The permeability of immunoisolation devices must balance two potentially conflicting requirements. First, cells enclosed within the device must receive all the molecules and factors necessary for viability and normal function. Secondly, the destructive components of the immune system should be prevented from entering the immunoisolation device. Lymphocytes and macrophages are easily excluded by all immunoisolation devices; however, many soluble products of the immune system such as complement protein, cytokines and nitric oxide may also be cytotoxic to immunoisolated cells. Islets of Langerhans in vivo are highly vascularized by a network of capillaries that deliver nutrients and oxygen to each beta cell. However, in the immunoisolation state, vascular assess to the islet is eliminated, and solutes move to and from the islet cells by diffusion from the surrounding environment. The diffusion gradients of wastes, nutrients, and especially oxygen are important.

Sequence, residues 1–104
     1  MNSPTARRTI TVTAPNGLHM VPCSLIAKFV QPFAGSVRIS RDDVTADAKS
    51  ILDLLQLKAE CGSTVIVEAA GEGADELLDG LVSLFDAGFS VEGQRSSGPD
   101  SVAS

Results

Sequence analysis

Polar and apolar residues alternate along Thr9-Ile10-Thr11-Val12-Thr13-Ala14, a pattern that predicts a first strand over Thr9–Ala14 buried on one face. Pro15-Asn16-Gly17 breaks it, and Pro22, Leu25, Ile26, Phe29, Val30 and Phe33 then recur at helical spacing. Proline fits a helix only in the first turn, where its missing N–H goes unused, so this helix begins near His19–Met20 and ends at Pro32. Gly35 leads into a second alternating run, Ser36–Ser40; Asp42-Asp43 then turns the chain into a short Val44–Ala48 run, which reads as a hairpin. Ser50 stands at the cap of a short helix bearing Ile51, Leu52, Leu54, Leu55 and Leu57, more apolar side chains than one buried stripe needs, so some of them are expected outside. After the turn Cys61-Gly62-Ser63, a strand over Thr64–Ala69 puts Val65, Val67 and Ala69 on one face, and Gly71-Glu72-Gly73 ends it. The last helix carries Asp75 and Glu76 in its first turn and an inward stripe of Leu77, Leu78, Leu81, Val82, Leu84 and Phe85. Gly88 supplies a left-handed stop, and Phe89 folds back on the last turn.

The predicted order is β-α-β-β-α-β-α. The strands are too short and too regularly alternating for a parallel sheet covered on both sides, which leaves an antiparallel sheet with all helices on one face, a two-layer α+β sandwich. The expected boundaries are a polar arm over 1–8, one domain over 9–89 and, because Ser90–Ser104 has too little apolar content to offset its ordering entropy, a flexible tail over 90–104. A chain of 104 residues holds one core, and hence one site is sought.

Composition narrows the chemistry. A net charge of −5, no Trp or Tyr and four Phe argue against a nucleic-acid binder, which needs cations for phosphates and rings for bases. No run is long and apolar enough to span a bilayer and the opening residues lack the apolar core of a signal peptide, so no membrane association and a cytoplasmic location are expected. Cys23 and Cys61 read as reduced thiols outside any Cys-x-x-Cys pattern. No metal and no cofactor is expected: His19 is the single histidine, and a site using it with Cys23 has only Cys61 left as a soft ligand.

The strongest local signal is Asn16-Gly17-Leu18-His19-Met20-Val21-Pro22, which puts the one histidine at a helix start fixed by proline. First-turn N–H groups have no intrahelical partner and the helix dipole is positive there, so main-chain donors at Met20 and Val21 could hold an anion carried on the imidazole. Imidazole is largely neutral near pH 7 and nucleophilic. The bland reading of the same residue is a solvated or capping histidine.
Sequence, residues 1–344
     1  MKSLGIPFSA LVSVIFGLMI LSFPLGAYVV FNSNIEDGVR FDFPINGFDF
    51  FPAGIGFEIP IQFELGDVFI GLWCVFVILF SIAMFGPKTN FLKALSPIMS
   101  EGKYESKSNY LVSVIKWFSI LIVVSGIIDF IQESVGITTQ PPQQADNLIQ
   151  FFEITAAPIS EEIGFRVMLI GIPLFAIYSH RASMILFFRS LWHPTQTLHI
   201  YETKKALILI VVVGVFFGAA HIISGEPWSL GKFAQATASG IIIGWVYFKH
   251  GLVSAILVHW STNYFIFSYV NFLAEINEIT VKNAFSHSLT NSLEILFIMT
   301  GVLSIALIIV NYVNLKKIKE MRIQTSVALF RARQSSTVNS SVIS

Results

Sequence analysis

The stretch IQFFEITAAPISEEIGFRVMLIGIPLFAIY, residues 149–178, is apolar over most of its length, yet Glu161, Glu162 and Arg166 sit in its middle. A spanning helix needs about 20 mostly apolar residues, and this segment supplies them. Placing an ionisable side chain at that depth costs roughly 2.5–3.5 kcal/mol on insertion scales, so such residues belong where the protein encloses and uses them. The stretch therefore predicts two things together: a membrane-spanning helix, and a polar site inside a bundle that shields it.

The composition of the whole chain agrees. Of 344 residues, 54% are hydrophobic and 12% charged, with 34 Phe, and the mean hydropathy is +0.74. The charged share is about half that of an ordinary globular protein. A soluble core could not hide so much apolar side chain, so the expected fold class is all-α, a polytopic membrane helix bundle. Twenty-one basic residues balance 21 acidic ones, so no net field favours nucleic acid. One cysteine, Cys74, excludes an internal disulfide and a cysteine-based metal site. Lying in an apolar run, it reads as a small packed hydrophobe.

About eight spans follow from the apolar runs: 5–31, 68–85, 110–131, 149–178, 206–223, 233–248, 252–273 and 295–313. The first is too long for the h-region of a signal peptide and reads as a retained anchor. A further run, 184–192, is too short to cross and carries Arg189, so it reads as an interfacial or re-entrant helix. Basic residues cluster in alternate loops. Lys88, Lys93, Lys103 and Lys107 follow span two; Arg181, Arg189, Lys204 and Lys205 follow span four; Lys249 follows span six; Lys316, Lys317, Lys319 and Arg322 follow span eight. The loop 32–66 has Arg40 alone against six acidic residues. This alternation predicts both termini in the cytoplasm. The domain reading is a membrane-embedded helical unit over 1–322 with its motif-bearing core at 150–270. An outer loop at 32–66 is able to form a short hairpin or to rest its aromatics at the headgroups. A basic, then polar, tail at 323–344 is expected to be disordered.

The oxygen levels to which the islet cells are exposed are important from two standpoints, viability and function. Because oxygen is consumed at a high rate by islet cells, particularly when stimulated by increased glucose concentration, steep gradients in oxygen concentration can develop. Thus, the oxygen concentration decreases from that of the local blood supply as it diffuses across the tissue, the immunoisolation membrane, and throughout the islet. Consequently, islet cells may be exposed to hypoxic, or even anoxic, conditions.60 This can lead to loss of cell viability and to a reduction in the insulin secretion capacity. Further studies should focus on finding a practically applicable method to reduce the barrier between encapsulated islets and the bloodstream in order to improve both the functional performance and the survival of encapsulated islet grafts. However, an interchange between vascularization and hence nutrient supply and retrievability will always be present.
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